Francisco Orellana, born in 1511, was the cousin to Francisco Pizarro�the conquerer of the Inca Nations of Ecuador and Peru. More importantly, Orellana was the first to navigate the headwater tributaries of Ecuador downstream into the Amazon River. This past week we traced some of the tributaries Orellana traveled and more on our week of exploring Ecuador with TeamSBC!
In 1540, Pizarro ordered an expedition to the eastern part of Ecuador.� Orellana joined the expedition along with 220 spanish and 4000 indigenous.� Crossing the Andes, Orellana joined a group on boat, following a path down the Rio Coca and Napo to their confluence with the Rio Aquarico and Curaray. At that point they had lost 140 of the 220 spanish and 2000 of the 4000 indigenous.� Orellana continued downstream accompanied at this point by a mere 50 men.� After six months and a trip of 4800 kilometers navigating downstream of the Napo River, Orellana finished his trip finishing at the mouth of the Amazon on the 26 of August, 1542; the first man to navigate the Amazon from its headwaters.
Needless to say the modern day explored network of rivers falling off either side of the Andes is remarkable, making for unlimited boating possibilities in Ecuador.� Our paddling time typically focuses on the Quijos Basin and the Tena Region. Often winding through miles of lush, high-elevation rainforest, you will discover a feeling of remoteness that has been lost in other countries.� This past week really brought home the fact that off the eastern slope of the Andes, every river eventually flows into the Amazon:
Starting with the Quijos Valley….and just the rivers we classically use, the Oyacachi and the Cosanga flow into the Quijos River
after going over San Rafael Falls, the Quijos turns into the Coca, makes a hard right turn and eventually runs into the Napo River–the main tributary out of Ecuador and to the Amazon.� Rumor has it that once upon a time a pair of Italians tried navigating San Rafael, with about as much success as the majority of the members of Orellana’s original party.
This week we covered a lot more of the rivers in the Tena Region than normal. Just upstream from the town of Tena is the Rio Tena–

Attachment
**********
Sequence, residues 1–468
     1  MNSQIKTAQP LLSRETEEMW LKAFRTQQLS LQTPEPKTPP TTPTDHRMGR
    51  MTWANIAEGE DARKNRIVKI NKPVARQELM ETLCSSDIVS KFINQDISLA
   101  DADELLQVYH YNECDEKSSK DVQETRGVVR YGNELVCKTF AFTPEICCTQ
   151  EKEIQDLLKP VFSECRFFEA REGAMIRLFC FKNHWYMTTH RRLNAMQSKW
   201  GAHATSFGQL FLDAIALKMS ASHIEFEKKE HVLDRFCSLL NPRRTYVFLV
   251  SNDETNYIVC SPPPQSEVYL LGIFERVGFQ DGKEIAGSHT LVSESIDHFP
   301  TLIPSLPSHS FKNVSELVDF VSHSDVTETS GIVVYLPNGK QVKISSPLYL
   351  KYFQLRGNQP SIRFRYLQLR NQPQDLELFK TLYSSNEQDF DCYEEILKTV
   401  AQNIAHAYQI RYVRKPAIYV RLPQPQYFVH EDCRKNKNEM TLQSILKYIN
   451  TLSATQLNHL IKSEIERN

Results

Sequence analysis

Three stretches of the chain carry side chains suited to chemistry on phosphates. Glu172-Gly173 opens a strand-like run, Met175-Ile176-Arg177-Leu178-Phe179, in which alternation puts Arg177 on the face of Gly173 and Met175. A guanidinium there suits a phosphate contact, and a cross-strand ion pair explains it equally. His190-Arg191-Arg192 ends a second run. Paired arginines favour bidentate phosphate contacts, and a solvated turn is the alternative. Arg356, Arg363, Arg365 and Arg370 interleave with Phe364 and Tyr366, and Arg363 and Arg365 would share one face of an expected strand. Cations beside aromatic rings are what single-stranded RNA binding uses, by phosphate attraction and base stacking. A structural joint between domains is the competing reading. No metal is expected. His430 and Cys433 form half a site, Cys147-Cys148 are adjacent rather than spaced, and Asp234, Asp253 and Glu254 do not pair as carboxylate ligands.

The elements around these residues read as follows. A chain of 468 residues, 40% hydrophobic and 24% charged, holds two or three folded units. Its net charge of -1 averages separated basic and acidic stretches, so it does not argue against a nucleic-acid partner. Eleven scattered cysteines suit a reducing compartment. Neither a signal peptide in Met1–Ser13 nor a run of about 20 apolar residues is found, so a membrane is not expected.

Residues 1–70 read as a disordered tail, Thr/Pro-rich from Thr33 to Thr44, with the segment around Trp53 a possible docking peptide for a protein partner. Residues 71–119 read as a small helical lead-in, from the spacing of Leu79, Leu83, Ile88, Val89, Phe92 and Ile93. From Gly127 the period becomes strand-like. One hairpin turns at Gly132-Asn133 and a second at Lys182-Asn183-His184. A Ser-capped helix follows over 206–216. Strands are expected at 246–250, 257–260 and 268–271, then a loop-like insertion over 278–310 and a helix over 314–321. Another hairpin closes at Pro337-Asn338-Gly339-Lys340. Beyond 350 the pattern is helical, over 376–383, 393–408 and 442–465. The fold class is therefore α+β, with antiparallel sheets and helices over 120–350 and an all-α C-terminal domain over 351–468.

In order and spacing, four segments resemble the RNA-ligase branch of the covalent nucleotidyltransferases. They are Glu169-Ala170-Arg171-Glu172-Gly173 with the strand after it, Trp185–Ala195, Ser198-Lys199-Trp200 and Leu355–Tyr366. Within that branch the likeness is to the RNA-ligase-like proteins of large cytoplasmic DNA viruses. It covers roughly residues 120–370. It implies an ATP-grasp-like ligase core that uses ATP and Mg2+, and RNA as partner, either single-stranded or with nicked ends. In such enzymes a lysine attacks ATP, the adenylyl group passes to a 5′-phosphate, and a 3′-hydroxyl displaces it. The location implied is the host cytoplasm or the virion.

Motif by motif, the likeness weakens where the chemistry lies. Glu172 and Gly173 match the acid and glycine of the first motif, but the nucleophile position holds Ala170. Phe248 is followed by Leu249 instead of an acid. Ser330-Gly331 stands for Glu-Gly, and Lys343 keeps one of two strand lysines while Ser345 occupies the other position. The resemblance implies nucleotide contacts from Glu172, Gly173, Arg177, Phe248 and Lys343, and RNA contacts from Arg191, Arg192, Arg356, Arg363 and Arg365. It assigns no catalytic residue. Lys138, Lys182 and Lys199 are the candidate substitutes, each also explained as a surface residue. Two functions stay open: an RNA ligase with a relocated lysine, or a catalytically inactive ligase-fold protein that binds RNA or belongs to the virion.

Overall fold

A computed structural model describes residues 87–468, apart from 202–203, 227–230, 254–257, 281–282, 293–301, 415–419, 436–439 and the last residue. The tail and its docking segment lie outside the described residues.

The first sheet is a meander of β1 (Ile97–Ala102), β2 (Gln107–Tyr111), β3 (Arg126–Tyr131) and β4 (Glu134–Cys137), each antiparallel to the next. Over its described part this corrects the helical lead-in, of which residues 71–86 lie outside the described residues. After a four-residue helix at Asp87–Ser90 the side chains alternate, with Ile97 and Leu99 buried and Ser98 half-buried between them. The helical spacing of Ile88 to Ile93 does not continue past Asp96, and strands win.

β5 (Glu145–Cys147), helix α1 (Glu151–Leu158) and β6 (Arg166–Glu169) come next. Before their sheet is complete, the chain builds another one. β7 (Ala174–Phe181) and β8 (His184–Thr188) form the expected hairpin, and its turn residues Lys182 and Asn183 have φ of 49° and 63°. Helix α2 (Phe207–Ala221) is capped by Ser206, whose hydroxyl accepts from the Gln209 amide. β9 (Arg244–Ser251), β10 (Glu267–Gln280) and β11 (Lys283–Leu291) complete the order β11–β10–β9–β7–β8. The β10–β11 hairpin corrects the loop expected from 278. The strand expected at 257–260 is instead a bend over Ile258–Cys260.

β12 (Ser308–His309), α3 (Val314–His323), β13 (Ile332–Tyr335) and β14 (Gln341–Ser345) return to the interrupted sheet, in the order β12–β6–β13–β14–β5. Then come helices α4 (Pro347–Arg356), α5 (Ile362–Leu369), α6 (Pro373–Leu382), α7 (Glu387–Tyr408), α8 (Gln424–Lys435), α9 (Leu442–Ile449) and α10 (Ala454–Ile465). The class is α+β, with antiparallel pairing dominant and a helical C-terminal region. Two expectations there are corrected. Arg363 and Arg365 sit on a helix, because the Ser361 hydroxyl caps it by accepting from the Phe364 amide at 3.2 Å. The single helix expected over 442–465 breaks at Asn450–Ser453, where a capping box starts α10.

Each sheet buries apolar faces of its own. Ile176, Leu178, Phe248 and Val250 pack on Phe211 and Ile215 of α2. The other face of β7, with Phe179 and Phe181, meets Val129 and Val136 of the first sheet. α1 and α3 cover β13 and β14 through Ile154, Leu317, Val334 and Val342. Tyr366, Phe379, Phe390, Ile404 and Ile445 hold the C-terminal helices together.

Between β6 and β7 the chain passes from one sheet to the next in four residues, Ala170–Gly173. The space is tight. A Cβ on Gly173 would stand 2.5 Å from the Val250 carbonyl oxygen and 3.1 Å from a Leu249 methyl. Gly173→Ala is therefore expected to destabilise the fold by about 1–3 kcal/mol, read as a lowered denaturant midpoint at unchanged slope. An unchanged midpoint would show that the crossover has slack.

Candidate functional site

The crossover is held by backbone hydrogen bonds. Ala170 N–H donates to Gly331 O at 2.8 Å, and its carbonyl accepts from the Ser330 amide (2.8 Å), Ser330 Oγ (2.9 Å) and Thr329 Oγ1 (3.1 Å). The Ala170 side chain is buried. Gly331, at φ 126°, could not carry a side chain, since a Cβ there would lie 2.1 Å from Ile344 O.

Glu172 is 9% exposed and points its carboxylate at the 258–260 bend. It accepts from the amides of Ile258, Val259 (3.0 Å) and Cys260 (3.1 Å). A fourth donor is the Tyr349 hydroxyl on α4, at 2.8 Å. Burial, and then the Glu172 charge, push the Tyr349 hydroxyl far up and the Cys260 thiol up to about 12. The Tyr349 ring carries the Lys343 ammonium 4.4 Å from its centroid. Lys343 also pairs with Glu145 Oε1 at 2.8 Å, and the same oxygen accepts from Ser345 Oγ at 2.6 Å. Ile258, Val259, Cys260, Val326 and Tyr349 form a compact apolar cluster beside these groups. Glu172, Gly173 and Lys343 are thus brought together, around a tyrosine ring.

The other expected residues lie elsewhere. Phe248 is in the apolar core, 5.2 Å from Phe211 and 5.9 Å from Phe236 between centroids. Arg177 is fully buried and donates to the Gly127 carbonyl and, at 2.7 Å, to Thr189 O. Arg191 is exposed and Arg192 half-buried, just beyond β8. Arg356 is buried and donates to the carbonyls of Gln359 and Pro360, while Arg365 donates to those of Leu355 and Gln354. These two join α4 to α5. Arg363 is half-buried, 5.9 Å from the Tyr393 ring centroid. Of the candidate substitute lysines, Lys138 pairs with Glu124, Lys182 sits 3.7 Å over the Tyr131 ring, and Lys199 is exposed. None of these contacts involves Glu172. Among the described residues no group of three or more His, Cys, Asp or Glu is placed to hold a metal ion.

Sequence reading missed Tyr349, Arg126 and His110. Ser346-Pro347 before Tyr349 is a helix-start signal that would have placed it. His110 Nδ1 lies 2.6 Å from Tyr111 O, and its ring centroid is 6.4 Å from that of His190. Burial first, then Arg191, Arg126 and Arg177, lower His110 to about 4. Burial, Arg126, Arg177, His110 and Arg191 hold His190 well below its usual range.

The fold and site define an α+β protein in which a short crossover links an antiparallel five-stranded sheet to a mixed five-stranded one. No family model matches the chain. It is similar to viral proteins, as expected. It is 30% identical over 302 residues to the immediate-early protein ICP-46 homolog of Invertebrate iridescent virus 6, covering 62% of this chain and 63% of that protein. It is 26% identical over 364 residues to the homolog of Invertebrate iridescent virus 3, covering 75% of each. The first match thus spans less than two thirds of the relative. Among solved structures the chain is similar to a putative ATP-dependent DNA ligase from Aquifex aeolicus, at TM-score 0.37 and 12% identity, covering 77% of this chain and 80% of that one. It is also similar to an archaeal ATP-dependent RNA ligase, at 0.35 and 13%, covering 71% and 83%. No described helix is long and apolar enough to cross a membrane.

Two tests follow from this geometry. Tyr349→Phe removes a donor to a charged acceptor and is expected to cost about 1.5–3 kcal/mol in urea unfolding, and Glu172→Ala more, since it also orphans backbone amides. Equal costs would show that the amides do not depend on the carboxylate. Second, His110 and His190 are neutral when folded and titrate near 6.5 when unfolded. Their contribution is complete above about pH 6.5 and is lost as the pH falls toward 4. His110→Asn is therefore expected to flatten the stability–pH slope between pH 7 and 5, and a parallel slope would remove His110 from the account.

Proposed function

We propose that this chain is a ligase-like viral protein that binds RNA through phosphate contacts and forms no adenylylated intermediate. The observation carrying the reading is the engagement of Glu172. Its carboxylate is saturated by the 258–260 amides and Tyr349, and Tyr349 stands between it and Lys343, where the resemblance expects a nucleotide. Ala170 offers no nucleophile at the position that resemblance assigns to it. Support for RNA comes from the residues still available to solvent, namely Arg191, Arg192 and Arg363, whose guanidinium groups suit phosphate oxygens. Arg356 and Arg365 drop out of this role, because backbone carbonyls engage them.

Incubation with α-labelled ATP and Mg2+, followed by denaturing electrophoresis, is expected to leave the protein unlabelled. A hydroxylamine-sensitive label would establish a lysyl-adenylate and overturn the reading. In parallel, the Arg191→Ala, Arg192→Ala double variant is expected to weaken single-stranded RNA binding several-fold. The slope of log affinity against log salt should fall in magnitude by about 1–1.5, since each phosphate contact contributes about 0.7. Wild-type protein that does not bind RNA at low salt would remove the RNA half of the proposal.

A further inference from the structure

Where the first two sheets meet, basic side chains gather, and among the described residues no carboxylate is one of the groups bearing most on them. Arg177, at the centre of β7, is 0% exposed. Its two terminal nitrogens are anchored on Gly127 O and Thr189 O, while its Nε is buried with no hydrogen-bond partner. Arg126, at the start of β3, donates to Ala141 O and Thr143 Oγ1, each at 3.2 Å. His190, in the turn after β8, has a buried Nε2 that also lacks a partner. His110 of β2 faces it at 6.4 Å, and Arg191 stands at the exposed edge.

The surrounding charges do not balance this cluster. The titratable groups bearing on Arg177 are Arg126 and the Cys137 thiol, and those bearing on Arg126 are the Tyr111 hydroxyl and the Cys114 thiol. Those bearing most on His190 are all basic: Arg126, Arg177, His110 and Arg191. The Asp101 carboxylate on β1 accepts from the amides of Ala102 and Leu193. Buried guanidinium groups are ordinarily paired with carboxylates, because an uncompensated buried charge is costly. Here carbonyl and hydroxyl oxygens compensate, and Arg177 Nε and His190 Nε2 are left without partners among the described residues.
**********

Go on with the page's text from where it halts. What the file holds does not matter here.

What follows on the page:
Taking out right in the downtown Tena, we continued scouting out the Tena area.� Looking around you will find the Jondachi flowing into the Hollin which flows into the Rio Mishaulli and into the Napo. Upstream, the Rio Mishaulli is one of our favorite runs with multiple put-ins and take-outs.
Eventually the Mishaulli River meets the Napo River at Puerto Mishaulli-a very cool place to hang out!
Upstream from all this we enjoyed an awesome day on the Rio Anzu.
The Rio Anzu ends up joining the mighty Rio Jatunyacu (yacu is a quichia word that means “river”, jatun means “big”). The Jatunyacu is a day of giant roller coaster rapids.
After the Anzu joins in with the Jatunyacu, the two become the Rio Napo at the town of Puerto Napo (once actually a port town, but just like at Puerto Mishaulli, the main transportation into the port town was boat not truck).
The joy of paddling in Ecuador is not just the opportunity to paddle such a wide range of rivers that are headwater runs into the Napo, but the opportunity to see and ride on a number of different boats, and glimpse a bit of the lifestyle that made up the indigenous communities of the amazon.
As if paddling was not fun enough, we held bragging rights this week that In almost every river we stopped to practice directional rolling, stern squirts and surfing. So it means we were play boating in what eventually becomes the Amazon!
Thanks to Team Sweet Briar College members Sara and Amanda–who just like Orellana came to probe the rivers of Ecuador for future TeamSBC trips here to Ecuador!
And check out the ladies in action!